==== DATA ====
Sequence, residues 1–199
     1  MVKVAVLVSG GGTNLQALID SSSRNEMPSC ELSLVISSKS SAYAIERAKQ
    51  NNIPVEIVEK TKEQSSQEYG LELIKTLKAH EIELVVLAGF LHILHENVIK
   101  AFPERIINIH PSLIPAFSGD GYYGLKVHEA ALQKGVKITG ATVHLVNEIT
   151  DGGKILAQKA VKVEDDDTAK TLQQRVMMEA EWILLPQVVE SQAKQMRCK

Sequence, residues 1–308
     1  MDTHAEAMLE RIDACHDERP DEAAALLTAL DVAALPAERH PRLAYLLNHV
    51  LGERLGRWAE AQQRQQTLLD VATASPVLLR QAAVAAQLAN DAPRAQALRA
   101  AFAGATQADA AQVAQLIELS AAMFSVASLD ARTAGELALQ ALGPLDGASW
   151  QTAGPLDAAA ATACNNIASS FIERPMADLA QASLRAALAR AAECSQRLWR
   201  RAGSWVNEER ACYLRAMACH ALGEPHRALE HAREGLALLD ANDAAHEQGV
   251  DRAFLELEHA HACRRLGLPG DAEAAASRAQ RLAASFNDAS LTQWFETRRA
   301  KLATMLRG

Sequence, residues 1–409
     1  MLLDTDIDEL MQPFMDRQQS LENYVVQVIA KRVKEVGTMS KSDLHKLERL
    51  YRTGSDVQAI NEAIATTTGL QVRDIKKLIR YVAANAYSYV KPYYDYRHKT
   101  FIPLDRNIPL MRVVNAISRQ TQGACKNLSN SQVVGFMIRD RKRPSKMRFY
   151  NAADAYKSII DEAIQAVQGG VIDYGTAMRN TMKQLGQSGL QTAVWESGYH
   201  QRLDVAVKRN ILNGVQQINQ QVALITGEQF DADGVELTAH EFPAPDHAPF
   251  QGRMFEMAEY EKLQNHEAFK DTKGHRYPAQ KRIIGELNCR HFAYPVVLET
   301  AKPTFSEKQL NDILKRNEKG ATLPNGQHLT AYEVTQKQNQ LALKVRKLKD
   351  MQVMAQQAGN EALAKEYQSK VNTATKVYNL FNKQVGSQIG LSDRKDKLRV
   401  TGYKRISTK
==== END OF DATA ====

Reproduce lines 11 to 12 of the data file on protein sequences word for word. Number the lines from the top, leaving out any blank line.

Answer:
   201  RAGSWVNEER ACYLRAMACH ALGEPHRALE HAREGLALLD ANDAAHEQGV
   251  DRAFLELEHA HACRRLGLPG DAEAAASRAQ RLAASFNDAS LTQWFETRRA